In an interview to the Daily Telegraph, the Kiwi said players walking without waiting for the umpire to make the call would be the greatest change he would like to see in Test cricket.
''More honesty in the game, and players walking when they know they have hit the ball and are out. I respect Adam Gilchrist for the fact that he walks,'' Bowden said.
Bowden feels despite the mistakes umpires make, the use of technology should be limited and the ultimate authority should be with the officials in the middle.
''Too much technology is not a good thing for the game."
"Good umpiring is about making good decisions, but there will always be some mistakes. I'm a great believer in the umpire making the decisions out in the middle, but on other hand, if we are going to get damned for decisions, then maybe we should use the technology,'' he said.
The flamboyant umpire said handling the pressure from players and the media is the toughest part of his job.
''Having the pressure on you from every quarter. Not just from the players, but from the media, the fans, wherever you go and whenever you make a mistake. When umpires make a mistake people have very long memories,'' he explained.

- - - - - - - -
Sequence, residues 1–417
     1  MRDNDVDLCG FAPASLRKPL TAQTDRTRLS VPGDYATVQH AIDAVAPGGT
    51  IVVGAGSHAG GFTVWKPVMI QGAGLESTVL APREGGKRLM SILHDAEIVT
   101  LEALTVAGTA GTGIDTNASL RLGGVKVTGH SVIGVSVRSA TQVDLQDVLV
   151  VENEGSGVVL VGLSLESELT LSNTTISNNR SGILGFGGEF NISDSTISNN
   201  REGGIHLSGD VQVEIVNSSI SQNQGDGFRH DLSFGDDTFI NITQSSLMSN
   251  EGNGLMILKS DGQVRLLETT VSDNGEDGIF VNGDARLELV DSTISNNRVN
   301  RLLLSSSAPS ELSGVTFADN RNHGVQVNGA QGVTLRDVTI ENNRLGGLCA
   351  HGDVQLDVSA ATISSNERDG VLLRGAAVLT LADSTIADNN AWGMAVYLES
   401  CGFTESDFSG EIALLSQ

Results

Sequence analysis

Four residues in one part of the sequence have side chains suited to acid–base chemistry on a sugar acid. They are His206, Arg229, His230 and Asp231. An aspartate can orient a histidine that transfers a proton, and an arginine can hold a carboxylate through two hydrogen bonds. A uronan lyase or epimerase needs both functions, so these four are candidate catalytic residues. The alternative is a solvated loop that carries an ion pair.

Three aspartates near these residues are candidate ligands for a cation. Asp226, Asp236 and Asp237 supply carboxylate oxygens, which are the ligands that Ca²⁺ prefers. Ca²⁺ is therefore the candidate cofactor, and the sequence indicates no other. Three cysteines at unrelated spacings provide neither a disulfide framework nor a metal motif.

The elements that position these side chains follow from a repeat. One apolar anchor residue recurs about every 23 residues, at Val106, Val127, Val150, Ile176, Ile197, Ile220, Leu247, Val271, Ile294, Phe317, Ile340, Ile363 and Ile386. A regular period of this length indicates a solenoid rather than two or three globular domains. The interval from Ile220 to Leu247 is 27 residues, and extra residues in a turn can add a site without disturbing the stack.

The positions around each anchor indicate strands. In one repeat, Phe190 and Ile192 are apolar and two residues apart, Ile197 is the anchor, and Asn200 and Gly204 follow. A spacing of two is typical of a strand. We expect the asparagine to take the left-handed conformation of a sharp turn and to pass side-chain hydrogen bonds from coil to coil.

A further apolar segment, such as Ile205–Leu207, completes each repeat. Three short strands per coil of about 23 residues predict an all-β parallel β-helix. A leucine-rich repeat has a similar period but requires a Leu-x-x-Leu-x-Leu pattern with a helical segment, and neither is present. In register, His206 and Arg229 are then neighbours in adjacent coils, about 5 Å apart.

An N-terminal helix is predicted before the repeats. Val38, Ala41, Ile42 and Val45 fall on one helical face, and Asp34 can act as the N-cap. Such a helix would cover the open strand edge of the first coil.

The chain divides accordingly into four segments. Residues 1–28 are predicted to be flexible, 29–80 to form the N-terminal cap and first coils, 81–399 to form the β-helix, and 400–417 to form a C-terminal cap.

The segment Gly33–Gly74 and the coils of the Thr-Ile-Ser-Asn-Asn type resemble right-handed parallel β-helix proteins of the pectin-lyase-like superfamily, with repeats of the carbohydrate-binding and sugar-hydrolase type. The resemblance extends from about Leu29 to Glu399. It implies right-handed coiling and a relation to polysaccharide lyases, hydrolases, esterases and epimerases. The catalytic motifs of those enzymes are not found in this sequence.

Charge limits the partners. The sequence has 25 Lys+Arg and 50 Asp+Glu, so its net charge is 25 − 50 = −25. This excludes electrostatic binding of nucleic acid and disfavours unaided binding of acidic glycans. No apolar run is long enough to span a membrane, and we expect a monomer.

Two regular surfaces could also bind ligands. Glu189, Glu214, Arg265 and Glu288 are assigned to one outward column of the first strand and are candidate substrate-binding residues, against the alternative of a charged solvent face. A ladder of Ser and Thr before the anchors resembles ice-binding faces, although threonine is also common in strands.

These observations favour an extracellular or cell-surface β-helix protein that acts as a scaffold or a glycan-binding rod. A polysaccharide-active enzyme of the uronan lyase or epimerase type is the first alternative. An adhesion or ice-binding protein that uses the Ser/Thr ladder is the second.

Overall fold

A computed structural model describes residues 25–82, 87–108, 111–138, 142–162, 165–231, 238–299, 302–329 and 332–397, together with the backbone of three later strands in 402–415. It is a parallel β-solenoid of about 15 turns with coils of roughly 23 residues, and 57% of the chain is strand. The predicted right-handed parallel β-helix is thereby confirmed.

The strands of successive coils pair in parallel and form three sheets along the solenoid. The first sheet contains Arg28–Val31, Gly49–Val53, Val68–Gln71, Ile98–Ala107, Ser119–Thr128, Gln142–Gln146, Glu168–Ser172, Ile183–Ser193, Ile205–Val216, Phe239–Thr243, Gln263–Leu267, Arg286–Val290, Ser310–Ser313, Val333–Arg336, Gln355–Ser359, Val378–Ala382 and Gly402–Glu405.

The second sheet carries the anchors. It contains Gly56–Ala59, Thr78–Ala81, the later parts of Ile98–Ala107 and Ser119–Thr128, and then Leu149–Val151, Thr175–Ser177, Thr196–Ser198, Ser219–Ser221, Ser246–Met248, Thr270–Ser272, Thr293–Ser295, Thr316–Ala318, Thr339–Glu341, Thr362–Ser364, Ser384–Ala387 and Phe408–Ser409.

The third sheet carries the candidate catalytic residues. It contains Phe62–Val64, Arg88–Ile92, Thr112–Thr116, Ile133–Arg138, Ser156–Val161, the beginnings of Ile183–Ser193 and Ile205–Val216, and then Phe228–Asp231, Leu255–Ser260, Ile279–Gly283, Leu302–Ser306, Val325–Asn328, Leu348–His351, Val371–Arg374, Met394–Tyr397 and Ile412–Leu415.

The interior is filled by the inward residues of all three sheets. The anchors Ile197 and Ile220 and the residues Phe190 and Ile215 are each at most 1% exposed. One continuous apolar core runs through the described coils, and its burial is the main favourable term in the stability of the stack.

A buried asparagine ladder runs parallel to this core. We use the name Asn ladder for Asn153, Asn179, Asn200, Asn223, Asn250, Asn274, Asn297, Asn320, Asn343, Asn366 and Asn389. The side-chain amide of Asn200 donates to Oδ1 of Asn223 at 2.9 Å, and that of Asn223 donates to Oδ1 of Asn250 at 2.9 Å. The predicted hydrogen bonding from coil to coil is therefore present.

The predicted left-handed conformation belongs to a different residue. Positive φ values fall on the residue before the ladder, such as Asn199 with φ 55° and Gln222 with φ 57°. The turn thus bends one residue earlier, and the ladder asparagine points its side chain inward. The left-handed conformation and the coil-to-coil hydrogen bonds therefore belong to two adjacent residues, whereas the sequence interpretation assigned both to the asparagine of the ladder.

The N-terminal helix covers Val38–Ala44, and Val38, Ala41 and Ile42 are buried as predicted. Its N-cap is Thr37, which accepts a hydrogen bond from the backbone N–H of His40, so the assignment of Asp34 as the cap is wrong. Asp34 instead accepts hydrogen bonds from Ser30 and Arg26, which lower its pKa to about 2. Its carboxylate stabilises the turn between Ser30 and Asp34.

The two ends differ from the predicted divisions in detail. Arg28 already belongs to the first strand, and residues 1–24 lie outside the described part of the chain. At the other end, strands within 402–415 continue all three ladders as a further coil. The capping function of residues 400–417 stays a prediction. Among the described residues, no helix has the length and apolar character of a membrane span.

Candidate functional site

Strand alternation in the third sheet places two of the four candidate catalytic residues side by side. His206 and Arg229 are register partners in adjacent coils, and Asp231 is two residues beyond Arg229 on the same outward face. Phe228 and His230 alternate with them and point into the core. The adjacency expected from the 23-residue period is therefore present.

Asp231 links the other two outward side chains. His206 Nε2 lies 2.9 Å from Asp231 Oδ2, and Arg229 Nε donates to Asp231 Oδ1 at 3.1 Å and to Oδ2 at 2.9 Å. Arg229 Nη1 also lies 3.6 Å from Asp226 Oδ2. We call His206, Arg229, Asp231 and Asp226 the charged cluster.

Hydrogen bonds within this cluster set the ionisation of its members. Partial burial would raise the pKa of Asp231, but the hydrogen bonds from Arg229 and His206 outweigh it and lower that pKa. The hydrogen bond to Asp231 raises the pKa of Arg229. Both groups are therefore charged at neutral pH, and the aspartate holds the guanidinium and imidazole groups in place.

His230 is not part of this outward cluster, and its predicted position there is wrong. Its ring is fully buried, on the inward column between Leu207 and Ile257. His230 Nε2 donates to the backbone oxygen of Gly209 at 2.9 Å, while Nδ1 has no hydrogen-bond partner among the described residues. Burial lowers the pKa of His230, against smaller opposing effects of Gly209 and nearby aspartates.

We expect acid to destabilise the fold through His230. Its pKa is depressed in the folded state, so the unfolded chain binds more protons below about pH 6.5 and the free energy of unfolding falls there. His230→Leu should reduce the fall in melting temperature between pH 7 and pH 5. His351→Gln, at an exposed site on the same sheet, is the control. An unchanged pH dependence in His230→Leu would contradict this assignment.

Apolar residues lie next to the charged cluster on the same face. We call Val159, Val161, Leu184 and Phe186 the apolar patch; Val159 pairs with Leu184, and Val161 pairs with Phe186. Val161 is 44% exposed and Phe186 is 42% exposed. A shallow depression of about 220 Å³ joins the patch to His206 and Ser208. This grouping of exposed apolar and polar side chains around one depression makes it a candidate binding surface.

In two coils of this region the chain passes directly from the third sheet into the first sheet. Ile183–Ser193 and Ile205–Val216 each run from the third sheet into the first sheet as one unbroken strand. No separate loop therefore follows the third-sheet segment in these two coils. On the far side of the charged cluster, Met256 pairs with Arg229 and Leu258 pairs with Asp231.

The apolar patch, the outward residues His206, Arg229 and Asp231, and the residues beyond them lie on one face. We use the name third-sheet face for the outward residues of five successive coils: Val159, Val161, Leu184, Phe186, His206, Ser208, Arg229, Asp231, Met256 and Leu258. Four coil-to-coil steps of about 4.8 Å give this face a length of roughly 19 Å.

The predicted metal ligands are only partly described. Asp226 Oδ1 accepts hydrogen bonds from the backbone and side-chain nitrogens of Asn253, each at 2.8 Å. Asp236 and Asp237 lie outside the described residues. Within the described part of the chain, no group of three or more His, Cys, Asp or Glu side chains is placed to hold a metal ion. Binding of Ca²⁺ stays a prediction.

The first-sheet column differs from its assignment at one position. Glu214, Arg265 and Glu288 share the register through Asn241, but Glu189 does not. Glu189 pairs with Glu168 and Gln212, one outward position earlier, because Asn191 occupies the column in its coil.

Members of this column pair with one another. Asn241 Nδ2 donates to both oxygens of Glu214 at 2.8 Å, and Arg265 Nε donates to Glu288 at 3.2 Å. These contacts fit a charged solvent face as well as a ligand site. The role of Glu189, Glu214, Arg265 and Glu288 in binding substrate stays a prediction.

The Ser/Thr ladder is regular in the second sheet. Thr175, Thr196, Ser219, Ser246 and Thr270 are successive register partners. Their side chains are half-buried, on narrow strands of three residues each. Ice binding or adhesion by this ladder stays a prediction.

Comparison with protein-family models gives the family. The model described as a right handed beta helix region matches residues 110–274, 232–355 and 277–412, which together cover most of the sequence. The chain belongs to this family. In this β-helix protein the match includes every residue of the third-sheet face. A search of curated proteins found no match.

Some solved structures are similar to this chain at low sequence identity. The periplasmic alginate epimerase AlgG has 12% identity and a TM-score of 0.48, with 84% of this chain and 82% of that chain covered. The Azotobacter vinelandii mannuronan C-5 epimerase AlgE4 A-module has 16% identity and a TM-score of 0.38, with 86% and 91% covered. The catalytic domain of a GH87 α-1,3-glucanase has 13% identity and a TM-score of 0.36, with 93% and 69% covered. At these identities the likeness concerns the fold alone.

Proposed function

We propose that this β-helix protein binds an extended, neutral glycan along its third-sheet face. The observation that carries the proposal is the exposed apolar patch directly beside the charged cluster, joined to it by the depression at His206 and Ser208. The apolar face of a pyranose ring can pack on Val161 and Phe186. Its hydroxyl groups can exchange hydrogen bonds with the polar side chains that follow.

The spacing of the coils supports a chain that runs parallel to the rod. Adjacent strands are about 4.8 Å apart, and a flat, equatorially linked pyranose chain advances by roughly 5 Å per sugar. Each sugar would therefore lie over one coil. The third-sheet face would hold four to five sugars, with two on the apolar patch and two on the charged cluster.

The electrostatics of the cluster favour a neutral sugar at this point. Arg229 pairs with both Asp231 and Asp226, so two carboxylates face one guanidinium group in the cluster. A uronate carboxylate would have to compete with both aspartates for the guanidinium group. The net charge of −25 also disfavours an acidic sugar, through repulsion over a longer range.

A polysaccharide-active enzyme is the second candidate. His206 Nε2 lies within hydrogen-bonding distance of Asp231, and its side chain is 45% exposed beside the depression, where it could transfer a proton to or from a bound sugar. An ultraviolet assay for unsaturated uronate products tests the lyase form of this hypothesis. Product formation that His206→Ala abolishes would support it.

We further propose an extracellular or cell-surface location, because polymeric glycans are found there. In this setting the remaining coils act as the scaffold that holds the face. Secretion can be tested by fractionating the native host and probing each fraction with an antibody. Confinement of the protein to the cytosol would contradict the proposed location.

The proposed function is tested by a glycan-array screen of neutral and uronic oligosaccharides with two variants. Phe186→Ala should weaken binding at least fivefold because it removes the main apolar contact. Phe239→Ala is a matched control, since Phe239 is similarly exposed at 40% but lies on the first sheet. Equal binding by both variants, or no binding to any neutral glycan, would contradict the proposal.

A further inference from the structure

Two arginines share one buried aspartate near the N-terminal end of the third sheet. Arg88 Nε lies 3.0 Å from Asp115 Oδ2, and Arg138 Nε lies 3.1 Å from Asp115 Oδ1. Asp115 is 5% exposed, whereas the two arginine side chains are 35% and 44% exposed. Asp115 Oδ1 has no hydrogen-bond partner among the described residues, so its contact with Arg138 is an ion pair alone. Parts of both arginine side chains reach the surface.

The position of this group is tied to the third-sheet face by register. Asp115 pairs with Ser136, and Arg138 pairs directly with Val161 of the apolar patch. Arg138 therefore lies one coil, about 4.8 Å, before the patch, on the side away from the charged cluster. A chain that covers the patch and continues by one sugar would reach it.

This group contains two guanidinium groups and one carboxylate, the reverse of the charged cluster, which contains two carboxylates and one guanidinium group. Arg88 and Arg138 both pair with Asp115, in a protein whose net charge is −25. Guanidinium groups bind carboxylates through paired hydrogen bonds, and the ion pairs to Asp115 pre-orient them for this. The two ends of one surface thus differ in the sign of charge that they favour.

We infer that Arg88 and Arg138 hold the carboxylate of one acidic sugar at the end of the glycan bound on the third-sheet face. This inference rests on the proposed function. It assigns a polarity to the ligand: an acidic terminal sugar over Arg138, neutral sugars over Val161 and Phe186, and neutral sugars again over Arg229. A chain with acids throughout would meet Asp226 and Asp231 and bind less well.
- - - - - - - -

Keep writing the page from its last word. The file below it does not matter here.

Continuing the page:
Going back memory lane, Bowden said giving Virender Sehwag out leg-before in the 2004 Test series against Australia despite a clear nick was one of his biggest blunders and rated the decision as his worst sporting moment so far.
''I gave Virender Sehwag out in all honesty, but had been on the road for three and a half months, and mentally and physically I was at the end of my capacity in terms of focus. I gave him out leg before and he hit it. On the replay, it looked obvious. I've learned from that,'' Bowden said when asked about his worst moment on field.
Bowden had immediately apologised for the decision and had blamed the noise in the Bangalore stadium for not being able to hear the nick. The Kiwi was officiating in his first Test in India and his decision left Sehwag fuming, which lead to a fine of 65 per cent of match fee on the Indian.
Bowden, who was a cricketer until the age of 21 when he was struck by arthritis, said he would have been a journalist or a commentator if not an umpire.
''I grew up in a family passionate about soccer, rugby, football. If I had not been an umpire, I would probably have been a journalist or a commentator,'' he said.